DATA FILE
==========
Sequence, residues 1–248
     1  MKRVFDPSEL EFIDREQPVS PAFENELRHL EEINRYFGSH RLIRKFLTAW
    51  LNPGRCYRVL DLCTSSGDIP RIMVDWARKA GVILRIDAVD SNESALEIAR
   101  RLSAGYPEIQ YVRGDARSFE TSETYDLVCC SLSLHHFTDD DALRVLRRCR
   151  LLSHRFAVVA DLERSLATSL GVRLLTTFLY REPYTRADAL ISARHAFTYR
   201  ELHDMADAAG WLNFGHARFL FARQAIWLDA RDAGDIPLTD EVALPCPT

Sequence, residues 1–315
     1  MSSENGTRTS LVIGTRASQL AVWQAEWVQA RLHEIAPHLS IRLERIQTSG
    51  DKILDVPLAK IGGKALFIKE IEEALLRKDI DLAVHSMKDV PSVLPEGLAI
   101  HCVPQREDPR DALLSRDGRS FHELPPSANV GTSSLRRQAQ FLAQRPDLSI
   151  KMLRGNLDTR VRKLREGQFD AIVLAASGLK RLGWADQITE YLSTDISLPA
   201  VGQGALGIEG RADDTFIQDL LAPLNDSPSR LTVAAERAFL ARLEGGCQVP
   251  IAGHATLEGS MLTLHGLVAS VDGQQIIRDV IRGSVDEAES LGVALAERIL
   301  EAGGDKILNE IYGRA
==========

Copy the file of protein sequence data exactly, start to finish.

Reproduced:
Sequence, residues 1–248
     1  MKRVFDPSEL EFIDREQPVS PAFENELRHL EEINRYFGSH RLIRKFLTAW
    51  LNPGRCYRVL DLCTSSGDIP RIMVDWARKA GVILRIDAVD SNESALEIAR
   101  RLSAGYPEIQ YVRGDARSFE TSETYDLVCC SLSLHHFTDD DALRVLRRCR
   151  LLSHRFAVVA DLERSLATSL GVRLLTTFLY REPYTRADAL ISARHAFTYR
   201  ELHDMADAAG WLNFGHARFL FARQAIWLDA RDAGDIPLTD EVALPCPT

Sequence, residues 1–315
     1  MSSENGTRTS LVIGTRASQL AVWQAEWVQA RLHEIAPHLS IRLERIQTSG
    51  DKILDVPLAK IGGKALFIKE IEEALLRKDI DLAVHSMKDV PSVLPEGLAI
   101  HCVPQREDPR DALLSRDGRS FHELPPSANV GTSSLRRQAQ FLAQRPDLSI
   151  KMLRGNLDTR VRKLREGQFD AIVLAASGLK RLGWADQITE YLSTDISLPA
   201  VGQGALGIEG RADDTFIQDL LAPLNDSPSR LTVAAERAFL ARLEGGCQVP
   251  IAGHATLEGS MLTLHGLVAS VDGQQIIRDV IRGSVDEAES LGVALAERIL
   301  EAGGDKILNE IYGRA